The reasons our model achieves best performance maybe owe to that the residual network-based model could reduce the negative impact of corpus noise to parameter learning, and the combination of character position attention mechanism could enhance the identification information of different type of entities. Table 5 gives the classification performance of our model on every fine-grained relation category. As can be seen from these data, our model performs best on relation category TeRS and worst on category TrNAS, which shows that it is more difficult to recognize category TrNAS correctly. We also evaluate the training time of different models. Figure 4 shows that the consumed times by these models while epoch is set as 5, 10 and 20 respectively. Overall, our model takes the shortest time to complete parameter training, and the traditional machine learning method SVM takes the longest time to train.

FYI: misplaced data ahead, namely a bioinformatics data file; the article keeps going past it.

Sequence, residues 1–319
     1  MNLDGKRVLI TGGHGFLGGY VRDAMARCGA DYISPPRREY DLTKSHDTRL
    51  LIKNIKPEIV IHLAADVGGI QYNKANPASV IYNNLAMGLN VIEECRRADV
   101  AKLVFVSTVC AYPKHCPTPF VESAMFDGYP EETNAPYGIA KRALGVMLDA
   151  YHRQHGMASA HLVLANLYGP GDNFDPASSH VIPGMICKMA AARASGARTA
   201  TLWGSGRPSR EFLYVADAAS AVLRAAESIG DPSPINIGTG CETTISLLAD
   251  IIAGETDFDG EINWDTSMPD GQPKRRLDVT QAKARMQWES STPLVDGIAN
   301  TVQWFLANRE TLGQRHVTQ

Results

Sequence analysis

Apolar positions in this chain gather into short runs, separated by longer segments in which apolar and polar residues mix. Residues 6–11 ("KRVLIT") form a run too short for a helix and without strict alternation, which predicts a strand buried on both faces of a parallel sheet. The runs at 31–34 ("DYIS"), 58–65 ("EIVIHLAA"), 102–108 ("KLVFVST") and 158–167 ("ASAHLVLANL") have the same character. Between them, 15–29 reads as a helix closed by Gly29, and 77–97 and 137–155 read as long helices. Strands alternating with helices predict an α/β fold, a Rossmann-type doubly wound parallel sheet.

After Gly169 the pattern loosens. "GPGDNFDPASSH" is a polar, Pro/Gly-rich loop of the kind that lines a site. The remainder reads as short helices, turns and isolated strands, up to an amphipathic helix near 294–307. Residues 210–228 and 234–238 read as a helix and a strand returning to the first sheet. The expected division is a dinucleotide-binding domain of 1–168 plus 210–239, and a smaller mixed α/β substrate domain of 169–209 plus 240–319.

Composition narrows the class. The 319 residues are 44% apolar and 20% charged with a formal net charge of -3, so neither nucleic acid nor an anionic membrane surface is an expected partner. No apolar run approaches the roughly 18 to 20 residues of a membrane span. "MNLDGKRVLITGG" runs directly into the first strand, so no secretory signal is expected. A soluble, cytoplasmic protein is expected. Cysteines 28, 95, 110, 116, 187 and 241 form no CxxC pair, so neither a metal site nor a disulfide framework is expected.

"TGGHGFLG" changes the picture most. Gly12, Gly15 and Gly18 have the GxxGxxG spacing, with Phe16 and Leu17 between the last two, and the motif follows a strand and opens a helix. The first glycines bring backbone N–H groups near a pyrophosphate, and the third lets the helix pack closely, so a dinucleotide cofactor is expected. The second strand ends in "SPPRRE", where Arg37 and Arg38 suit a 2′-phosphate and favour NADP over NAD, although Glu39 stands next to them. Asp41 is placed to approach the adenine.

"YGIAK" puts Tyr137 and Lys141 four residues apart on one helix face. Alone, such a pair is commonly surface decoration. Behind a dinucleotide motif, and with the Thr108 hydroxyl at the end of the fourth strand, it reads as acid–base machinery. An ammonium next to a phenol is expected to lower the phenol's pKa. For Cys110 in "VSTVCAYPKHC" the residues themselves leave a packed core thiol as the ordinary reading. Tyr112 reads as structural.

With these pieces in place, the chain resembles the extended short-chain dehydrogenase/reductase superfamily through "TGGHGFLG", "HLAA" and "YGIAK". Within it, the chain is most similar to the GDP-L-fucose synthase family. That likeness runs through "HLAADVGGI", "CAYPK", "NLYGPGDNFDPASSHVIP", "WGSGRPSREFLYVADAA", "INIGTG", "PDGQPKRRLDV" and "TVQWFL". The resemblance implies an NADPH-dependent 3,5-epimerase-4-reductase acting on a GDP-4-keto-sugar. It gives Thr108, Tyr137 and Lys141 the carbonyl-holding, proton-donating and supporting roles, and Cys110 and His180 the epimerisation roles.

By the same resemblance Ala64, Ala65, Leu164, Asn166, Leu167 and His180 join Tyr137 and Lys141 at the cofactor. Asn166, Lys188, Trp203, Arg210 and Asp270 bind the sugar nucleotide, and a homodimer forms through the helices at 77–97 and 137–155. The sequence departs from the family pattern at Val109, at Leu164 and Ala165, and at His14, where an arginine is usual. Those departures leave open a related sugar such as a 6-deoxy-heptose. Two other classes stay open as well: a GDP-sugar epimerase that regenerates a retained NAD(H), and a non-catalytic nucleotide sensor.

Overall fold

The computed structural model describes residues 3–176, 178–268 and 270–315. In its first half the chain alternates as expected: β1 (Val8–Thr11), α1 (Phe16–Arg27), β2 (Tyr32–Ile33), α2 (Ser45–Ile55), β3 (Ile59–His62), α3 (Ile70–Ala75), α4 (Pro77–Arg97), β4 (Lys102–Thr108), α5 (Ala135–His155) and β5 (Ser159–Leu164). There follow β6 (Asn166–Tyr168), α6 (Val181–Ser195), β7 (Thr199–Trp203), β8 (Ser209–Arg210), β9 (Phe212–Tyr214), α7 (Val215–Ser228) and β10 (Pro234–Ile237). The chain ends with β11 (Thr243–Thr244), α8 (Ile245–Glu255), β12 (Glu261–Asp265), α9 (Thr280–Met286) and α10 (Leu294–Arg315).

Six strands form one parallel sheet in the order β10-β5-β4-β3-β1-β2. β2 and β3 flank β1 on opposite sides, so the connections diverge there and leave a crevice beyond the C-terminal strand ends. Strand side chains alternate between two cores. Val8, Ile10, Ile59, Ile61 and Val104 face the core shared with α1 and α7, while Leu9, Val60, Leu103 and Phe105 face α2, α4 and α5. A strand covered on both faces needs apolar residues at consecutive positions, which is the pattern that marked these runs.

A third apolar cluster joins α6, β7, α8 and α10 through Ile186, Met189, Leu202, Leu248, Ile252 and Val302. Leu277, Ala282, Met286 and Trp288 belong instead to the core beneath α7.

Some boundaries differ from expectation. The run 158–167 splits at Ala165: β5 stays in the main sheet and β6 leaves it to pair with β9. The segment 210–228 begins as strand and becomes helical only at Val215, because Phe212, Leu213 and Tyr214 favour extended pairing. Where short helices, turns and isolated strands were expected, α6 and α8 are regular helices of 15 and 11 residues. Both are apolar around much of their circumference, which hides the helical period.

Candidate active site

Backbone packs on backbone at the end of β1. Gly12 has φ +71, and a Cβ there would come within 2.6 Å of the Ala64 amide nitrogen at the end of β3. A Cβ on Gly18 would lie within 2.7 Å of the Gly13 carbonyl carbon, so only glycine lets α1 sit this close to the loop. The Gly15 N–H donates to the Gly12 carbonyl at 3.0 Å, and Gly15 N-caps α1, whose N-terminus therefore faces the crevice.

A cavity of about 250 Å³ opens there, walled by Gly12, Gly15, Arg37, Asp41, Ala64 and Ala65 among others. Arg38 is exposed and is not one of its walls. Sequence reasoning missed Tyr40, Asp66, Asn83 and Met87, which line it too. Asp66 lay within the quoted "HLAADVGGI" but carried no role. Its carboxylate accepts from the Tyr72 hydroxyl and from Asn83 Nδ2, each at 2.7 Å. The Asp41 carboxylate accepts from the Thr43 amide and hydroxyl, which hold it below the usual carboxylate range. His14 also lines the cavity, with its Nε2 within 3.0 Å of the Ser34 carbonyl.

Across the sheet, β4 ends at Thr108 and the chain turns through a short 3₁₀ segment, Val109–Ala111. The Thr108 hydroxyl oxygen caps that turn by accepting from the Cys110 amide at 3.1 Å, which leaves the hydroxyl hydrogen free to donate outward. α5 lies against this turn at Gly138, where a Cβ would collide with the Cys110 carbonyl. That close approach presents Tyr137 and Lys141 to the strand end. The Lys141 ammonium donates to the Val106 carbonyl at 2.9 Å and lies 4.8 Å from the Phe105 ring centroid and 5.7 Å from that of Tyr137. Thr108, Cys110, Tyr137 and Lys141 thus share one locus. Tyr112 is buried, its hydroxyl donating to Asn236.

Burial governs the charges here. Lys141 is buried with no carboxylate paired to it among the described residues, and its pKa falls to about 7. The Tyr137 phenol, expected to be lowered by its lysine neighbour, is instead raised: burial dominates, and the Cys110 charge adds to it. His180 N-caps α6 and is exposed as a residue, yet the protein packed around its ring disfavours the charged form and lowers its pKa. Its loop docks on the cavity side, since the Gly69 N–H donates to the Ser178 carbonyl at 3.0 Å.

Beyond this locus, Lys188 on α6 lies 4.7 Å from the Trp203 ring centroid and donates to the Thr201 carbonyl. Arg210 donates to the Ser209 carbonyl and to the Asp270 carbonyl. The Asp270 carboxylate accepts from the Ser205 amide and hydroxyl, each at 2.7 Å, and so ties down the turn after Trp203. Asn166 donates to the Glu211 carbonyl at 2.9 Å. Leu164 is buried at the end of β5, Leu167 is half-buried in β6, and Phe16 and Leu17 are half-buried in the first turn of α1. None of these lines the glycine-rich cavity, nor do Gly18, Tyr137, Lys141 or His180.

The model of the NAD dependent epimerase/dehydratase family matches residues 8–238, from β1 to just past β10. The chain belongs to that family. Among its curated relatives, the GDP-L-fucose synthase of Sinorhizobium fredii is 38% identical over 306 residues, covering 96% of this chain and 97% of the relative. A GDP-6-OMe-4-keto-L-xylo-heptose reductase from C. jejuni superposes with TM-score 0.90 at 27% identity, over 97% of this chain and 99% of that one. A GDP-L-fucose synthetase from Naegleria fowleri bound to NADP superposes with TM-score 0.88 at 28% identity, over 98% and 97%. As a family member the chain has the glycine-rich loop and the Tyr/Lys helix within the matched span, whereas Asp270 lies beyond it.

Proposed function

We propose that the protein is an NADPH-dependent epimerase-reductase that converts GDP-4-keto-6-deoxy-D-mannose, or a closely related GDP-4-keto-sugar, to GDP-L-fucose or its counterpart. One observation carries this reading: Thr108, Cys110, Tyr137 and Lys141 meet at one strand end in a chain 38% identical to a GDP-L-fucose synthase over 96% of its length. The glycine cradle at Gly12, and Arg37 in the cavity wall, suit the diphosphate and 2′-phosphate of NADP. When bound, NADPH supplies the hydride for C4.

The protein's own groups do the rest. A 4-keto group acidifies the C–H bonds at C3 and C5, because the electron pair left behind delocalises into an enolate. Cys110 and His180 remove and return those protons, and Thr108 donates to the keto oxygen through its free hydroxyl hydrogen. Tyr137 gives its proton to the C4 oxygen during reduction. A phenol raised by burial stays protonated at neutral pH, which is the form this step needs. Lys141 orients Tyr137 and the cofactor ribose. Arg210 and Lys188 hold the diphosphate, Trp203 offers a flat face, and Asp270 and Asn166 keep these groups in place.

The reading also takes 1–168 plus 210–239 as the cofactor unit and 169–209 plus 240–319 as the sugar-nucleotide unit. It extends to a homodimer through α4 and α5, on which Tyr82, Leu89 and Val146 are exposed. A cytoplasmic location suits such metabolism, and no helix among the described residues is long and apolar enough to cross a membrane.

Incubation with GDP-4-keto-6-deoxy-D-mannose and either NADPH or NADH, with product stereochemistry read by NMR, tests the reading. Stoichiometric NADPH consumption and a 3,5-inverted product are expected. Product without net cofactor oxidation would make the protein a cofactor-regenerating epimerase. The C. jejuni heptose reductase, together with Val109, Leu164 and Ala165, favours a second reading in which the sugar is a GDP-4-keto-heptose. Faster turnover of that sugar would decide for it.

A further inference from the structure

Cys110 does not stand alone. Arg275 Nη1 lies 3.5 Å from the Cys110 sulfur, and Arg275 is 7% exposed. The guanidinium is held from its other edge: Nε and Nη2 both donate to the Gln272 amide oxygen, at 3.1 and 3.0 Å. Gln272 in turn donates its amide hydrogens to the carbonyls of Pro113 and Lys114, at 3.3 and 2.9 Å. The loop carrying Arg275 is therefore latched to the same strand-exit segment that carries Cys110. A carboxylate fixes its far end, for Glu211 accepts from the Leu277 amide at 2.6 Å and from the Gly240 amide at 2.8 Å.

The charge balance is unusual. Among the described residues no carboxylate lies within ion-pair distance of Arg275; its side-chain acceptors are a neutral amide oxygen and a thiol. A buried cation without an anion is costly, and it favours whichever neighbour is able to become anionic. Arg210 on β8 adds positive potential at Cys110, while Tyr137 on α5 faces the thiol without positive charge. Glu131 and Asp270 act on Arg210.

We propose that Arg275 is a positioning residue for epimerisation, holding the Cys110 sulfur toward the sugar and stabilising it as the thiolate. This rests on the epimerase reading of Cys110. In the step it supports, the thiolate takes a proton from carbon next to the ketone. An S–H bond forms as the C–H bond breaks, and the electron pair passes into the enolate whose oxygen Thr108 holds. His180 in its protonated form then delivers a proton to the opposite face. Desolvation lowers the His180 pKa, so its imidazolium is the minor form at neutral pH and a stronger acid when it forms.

Fig. 4

Comparison of the training time for different model

Table 5 Classification performance of our model on every fine-grained relation category.

Table 6 is comparison of F1-score for each model on every fine-grained relation category. The model has better classification performance and faster response speed.

Table 6 Comparison of F1-score for each model on every fine-grained relation category